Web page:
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Ghana Bar Association Cautions Gov't   
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The Ghana Bar Association has cautioned the government against the potential legal ramifications in the controversial sale of a state land to the National Chairman of the New Patriotic Party (NPP), Mr Obetsebi Lamptey.

The government says it is no longer interested in leasing the property to the former Chief of Staff under the erstwhile Kufuor administration even though Mr Obetsebi-Lamptey has paid for the property.

The Bar Association is therefore warning that in view of the “rising cost to the Republic in what has become known as ‘Judgment Debts’ arising from Government’s actions and inactions that the courts have found to have breached the law,” the government must do well to settle the matter in the best way possible.

Samuel Okudzeto Ablakwa, Deputy Minister of Information and Dr. Omane Boamah, Deputy Sports Minister, dragged the NPP chairman to court accusing him of abusing his office in his purchase of a government building - No 2 Mungo Street - in the Ridge residential area.

But the Supreme Court presided over by Justice William Atuguba last month ruled that Mr Obetsebi Lamptey did not abuse any law of the land by purchasing the house.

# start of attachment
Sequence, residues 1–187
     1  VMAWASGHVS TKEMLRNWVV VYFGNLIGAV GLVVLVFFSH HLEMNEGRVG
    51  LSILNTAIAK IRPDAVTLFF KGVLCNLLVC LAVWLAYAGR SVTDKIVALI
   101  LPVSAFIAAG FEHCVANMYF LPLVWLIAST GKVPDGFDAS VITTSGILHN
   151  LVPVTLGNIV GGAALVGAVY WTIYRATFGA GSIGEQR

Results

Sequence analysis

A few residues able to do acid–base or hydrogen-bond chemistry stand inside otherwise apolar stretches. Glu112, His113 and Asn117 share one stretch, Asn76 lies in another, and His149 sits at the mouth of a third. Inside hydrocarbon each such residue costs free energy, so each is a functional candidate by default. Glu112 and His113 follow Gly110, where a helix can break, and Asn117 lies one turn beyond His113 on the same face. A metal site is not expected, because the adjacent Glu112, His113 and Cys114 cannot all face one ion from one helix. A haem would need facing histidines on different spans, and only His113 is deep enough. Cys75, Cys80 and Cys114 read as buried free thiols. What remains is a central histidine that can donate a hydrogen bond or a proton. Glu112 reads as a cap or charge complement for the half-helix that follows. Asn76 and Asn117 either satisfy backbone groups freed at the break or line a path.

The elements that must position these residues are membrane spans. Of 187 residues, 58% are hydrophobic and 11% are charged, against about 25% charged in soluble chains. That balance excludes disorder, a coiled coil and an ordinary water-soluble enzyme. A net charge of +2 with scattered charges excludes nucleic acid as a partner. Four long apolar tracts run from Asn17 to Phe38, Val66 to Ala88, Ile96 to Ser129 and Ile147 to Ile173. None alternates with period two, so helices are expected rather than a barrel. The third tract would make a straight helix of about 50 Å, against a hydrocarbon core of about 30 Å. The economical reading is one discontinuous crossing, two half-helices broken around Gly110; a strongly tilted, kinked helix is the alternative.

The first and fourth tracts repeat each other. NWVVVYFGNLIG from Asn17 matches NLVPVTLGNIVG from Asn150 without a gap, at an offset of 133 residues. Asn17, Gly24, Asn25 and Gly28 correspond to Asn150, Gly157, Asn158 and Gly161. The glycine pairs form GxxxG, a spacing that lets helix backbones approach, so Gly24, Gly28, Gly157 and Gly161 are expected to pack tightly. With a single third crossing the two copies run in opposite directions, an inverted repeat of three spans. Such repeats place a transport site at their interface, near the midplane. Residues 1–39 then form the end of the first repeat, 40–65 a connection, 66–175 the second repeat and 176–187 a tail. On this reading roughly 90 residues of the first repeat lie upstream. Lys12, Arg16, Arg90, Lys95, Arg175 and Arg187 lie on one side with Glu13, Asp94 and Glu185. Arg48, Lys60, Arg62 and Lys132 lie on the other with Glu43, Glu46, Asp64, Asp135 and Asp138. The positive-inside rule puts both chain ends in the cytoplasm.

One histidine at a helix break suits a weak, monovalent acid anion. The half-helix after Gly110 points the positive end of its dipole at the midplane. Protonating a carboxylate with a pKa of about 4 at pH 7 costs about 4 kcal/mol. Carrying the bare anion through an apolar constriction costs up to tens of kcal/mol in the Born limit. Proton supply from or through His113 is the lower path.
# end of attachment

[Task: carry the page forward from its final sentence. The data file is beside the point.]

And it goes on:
The Supreme Court also stated that the suit against Jake Obetsebi Lamptey does not border on conflict of interest and should have been taken to the Commission of Human Rights and Administrative Justice (CHRAJ) for proper interpretation.

Subsequently, the Mills-led administration decided not to sell the No. 2 Mungo Street Ridge property to Mr. Obetsebi-Lamptey on moral grounds and in the “supreme interest of the Ghanaian people”.

But according to the Bar Association, the Supreme Court cannot be faulted for the failure of the plaintiffs in the matter to produce incontrovertible evidence against the NPP Chairman.

A statement released by the Association and signed by National President, Frank W.K. Beechem, said even though it respects people’s right to comment on the morality of the matter, it is important government does not disregard its contractual obligations in the lease documents “executed between the government (as lessor) and Mr. Obetsebi Lamptey (as Lessee).”

The statement further indicated that the Bar “recognises the power of the Government to compulsorily take possession of or acquire any property in the public interest or for a public purpose, in accordance with Article 20 of the Constitution and the State Lands Act, 1962 (Act 125),” advising that “we respectfully urge the Government to be very mindful of the obligations that the law imposes on it, in this matter.”

The Bar however hopes that “more and more public-spirited persons would be willing and prepared to raise before our courts, such issues of national importance, which would not only enrich our constitutional jurisprudence and land law, but contribute to a debate that should result in establishing more transparent standards in the acquisition of State properties and in our effort to build a rich and prosperous democratic country.”
Source: radioxyzonline.com

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